The Nizkor Project: Remembering the Holocaust (Shoah)

The Trial of Adolf Eichmann
Session 97
(Part 5 of 6)

Attorney General: The negotiations between Richter and Antonescu about deportation of Jews, and the letter which Richter received from Antonescu were also concealed from the Foreign Ministry. Is that correct?

Accused: I gathered that from the files, but on the orders of his immediate superior, Killinger, as Killinger confirmed personally that Richter, on his orders, initiated the - I do not know what the literal expression is - the preliminary work or something similar.

Q. Is that how it is phrased? Is that what it says there?

A. Yes, I believe that it is in the same document, where Killinger is complaining about the methods of the SS. It is one of the first points, and it says more or less what I have just said.

Q. It is correct that Killinger did not wish the great praise for obtaining the letter from Antonescu to be put to your credit, and he wanted to share in this. But the fact of the matter is that Richter did this without Killinger's knowledge, as it says in the document, is it not?

A. I have no way of knowing that, since Richter normally did not deal even with Mueller, but with the Chief of the Security Police directly, and if he was not there, and only then, with my Department Chief. Richter himself had almost no dealings with me - he also dealt with Schellenberg.

Q. I thought we had already covered this point and that you told me that what you said in your Statement to the police about Richter, that he was one of your men and that he acted on your instructions in Romania - you said that that was correct. You did in fact say, "Richter was one of my people down there" - page 1777.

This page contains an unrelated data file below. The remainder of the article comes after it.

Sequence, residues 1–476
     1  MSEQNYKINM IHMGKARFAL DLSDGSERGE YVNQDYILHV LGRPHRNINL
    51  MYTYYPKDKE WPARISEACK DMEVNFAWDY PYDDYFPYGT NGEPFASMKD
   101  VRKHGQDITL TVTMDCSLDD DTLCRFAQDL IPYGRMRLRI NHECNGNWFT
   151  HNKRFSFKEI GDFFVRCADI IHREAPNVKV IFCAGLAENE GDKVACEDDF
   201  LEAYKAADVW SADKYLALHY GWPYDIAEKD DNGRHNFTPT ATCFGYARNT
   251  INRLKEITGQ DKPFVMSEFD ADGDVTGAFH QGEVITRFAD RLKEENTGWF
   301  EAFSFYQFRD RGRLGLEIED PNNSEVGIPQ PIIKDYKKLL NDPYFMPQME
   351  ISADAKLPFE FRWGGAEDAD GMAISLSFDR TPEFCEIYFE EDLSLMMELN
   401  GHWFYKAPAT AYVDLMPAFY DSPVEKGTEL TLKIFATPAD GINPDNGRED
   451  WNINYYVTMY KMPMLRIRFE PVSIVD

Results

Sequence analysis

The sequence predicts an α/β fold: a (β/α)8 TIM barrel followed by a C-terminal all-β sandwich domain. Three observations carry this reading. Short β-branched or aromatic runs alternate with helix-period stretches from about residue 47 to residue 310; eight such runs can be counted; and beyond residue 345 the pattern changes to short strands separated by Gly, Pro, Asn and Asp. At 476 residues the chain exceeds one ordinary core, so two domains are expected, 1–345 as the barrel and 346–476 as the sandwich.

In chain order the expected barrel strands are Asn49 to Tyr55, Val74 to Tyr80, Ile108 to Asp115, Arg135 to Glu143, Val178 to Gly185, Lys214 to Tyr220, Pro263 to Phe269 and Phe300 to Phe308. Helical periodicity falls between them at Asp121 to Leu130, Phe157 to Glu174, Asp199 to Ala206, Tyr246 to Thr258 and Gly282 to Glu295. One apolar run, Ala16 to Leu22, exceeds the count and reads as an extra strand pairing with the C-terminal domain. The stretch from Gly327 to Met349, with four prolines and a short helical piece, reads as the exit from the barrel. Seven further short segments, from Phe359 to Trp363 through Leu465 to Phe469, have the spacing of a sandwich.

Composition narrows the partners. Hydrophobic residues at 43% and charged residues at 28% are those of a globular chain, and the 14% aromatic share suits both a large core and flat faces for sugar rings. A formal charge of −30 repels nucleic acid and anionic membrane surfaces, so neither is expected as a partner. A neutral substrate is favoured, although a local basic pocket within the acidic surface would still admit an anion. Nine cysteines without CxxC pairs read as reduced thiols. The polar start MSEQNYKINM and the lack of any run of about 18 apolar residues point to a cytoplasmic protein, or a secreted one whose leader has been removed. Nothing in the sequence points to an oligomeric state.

A. But in the same Statement of mine to Bureau 06 here, I also said that I know that Richter was the only Adviser on Jewish Affairs abroad who went regularly to the Chief of the Security Police and the Security Service.

Q. Did you receive reports from Richter about his actions?

A. Yes, regularly.

Q. Also about his consultations with Mihai Antonescu?

A. Yes, that too.

Q. Also about the letter he received from him, from Antonescu?

A. I do not have the letter before me, but I believe even about that too, yes.

Q. Was Richter in touch with you both directly and also through Killinger? Look at T/1038, T/1019, T/1025 - they all attest to direct contact.

A. That is also true and that is correct, but on basic matters Richter always, and all the time, found a way to the top. This was also in his nature, because he was independent down there, under Killinger, and he would not have wanted to allow himself to be patronized by a Section Head of the Head Office for Reich Security. The result did not fail to come about - he did in fact become a Police Attache.

Q. Was Richter not obliged to report to you?

A. Yes, nor did I deny that.

Q. Yes, that is also on page 3524 of your Statement. And he received instructions not only from you, but even from your assistants? From Suhr, T/1020, document No. 574, for example.

A. Yes, I do not even need to look at this document, Mr. Attorney General, that is also correct. Not only Richter received this, but all persons stationed abroad, whether the posts were with the Commander of the Security Police and the Security Service, and there they were section heads, or whether they were advisers with the German missions.

Q. Correct. Now, after all this, look at the bottom of T/1023 again, and you will see that Richter approached Antonescu on the strength of an order from the Head Office for Reich Security, in order to obtain this letter.

A. That is an extract. The original letter - Richter's original report - has been presented, where he writes explicitly "on the order of the Chief of the Security Police and the Security Service" - directly or indirectly, I do not know what it actually says.